But Google doesn't help with finding experts when the problem is hard to define, or when interactivity is required. And just about any solution you can dream up has a friction problem: once the system is in place, it will get used too much, by too many questioners, and suddenly it won't be interesting enough for the masses to listen. For example, Craigslist suffers from a decreasing signal to noise ratio (it's a lot less fun to browse than it used to be).
As a matter of fact, Google does "help with finding experts when the problem is hard to define, or when interactivity is required." Pamela and I bought a used Saturn last year that turned out to be more of a "project car" than we have bargained for. It had something wrong with it, something hard to define. We googled the symptoms, and found http://www.saturnfans.com/. Saturn Fans has a forum devoted to interactive troubleshooting of mechanical problems. I've seen where people have even shot video of of their running car, uploaded it to YouTube, and solicited advice on how to fix that pinging noise, or whatever it was.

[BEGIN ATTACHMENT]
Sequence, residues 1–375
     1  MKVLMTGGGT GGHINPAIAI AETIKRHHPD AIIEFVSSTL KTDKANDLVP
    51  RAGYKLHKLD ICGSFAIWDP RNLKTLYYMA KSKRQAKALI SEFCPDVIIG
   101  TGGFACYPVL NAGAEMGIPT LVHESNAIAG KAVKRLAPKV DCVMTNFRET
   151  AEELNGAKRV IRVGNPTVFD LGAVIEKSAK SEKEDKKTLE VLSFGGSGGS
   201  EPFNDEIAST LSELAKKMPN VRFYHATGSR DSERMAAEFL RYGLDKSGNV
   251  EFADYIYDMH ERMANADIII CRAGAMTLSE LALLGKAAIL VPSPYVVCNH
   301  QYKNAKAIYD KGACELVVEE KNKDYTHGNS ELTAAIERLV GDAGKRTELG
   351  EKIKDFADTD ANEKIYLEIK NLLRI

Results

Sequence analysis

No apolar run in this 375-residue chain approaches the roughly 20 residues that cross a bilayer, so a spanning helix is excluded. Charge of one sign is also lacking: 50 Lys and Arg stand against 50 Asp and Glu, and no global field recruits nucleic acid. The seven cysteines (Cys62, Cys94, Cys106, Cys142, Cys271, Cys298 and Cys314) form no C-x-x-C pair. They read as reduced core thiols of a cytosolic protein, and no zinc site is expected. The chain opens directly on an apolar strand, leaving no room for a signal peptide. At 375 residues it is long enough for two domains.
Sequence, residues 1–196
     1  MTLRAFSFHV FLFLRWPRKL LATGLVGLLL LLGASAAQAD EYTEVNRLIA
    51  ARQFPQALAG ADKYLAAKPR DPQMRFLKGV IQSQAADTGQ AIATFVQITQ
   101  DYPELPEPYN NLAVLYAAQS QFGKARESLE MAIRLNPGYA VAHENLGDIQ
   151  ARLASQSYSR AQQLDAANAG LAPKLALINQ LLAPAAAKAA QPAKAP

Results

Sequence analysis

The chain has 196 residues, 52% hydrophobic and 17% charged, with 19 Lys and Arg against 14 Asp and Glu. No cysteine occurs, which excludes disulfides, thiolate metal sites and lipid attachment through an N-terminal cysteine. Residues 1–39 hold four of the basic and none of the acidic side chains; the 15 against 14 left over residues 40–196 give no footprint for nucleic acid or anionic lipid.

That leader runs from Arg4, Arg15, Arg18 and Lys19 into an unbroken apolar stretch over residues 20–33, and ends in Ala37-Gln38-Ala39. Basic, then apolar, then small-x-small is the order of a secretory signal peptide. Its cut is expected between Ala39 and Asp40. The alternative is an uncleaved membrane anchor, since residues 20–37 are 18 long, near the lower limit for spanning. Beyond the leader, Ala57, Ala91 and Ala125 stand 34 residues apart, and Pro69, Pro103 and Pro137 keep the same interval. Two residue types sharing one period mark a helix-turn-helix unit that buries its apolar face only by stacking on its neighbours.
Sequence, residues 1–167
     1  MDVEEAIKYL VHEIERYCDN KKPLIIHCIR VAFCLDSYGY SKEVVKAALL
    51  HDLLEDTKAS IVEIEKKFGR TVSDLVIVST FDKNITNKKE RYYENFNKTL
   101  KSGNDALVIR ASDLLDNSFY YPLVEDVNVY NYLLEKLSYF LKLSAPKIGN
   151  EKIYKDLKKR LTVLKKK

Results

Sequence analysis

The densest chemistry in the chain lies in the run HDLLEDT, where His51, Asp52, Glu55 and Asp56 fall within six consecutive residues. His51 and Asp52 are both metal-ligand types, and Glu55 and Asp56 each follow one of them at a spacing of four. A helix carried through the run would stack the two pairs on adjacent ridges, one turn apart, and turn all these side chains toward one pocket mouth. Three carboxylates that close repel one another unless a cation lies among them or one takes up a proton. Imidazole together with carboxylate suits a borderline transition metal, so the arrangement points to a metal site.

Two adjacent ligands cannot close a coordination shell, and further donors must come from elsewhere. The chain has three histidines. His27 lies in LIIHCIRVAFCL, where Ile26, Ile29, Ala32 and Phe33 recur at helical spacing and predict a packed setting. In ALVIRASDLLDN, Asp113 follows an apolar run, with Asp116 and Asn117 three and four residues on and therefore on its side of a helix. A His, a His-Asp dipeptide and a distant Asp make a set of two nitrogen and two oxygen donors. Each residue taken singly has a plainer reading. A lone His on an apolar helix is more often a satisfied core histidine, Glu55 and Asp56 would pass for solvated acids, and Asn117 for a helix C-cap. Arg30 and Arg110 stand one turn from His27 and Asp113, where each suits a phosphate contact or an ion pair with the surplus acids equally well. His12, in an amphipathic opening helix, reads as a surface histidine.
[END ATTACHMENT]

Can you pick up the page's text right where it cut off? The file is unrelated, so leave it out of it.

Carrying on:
Google is not a panacea. It's merely a gateway. True, if no one has established a destination, you're pretty much SOL. My Mistubishi's transmission acted up last year as well, and I searched for a forum similar to the Saturn forum. Nonesuch exists.

But hey ... isn't that why Seth Godin started Squidoo? So that people could find and fill those niches? He references this at the beginning of his blog entry, for crying out loud!